Figure 9-1 Voice social engineering
The following sections cover the various techniques used to perform social engineering. We will also cover other scenarios outside the financial contact center example used thus far.
Restricting or Spoofing the Calling Number
We covered spoofing the calling number in Chapter 6, but a quick review and discussion of how this applies to social engineering is useful. Any sophisticated social engineering attack will restrict or spoof the calling number because only a total novice would call over and over from his or her own phone number. Virtually all enterprises and “all” contact centers maintain CDR databases that record the source number and other information about every call.
Restricting your calling number is easy. Simply enter *67 before dialing the called number. This will prevent the source number from being presented to the called party. Everyone has received these types of calls, which normally shows up as “BLOCKED” and are quite common. Figure 6-1 in Chapter 6 shows that 3.5 percent of calls into contact centers had their calling number restricted. Figure 6-2 in Chapter 6 shows some 4.9 percent of calls had a spoofed calling number. You have to ask, why are so many users bothering to block or spoof their number?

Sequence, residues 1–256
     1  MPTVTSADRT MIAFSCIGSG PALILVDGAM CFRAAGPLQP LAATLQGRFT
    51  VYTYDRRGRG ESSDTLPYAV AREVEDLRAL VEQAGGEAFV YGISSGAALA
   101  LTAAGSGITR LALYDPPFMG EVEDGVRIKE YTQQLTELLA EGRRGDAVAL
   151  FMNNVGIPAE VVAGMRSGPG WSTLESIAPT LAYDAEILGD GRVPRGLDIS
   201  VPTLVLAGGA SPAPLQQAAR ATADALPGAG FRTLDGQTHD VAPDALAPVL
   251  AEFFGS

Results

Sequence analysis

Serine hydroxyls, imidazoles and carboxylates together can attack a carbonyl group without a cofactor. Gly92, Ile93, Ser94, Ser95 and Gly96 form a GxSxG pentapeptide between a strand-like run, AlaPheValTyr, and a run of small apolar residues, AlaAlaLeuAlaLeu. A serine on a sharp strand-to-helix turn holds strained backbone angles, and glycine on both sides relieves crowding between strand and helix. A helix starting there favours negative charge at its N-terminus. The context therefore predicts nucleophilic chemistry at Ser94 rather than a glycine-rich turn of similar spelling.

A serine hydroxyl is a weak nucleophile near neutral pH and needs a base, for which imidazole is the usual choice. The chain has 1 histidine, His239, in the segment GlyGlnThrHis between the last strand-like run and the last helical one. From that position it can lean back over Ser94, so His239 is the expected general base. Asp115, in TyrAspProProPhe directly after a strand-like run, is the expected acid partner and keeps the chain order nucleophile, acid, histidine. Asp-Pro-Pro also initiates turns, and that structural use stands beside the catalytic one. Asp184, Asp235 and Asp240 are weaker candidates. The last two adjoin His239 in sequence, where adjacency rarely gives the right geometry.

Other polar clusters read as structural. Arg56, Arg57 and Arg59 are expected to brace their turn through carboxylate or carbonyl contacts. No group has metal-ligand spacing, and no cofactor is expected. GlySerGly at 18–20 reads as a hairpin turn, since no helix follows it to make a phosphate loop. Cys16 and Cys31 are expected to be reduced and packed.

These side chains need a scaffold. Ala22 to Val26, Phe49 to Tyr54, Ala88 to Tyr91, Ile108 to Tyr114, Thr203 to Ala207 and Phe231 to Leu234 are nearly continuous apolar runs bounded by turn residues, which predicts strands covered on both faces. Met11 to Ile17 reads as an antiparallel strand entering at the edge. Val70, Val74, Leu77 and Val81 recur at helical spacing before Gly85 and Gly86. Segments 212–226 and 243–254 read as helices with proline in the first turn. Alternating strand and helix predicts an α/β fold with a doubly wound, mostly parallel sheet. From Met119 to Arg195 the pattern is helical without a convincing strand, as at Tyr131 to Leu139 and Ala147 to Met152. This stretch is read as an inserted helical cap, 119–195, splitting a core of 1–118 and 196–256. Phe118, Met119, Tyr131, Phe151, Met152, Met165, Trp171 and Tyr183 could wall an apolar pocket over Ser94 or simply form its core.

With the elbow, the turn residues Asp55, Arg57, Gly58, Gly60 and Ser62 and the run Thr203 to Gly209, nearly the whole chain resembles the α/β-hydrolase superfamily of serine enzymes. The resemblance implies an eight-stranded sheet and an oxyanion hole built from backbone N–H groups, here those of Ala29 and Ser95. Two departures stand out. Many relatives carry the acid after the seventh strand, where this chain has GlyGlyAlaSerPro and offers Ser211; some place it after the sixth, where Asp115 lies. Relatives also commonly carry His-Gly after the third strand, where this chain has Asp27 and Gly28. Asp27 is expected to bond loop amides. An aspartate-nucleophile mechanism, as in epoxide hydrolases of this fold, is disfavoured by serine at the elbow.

Entering *67 prevents the calling number from being presented, but does not necessarily prevent it from being sent. For example, your calling number may be sent, but a flag is set to tell the IP PBX or handset not to display it. Also, the calling number is always transmitted for a 1-800 number, because the owner (usually a contact center) needs the number for billing purposes. If you are going to perform social engineering, it is much better to spoof your calling number.
Spoofing the calling number can be used for many purposes. For example, you can randomly select a calling number each time you call a call center. This will prevent the enterprise from tracking you. Even better, you can spoof the calling number to that of the user for whom you are trying to gather information. Some contact centers will accept the calling number as one authentication factor. Very few, if any, will depend totally on calling number, but if your intent is to steal funds from “John Smith,” it certainly helps to call in with his phone number. In fact, most contact centers will perform an ANI match, where they compare the calling number to the number saved for the customer. When they match, the software detects that it is “John Smith” calling and provides a greeting and also a first form of authentication. This will help the attacker get off on the right foot.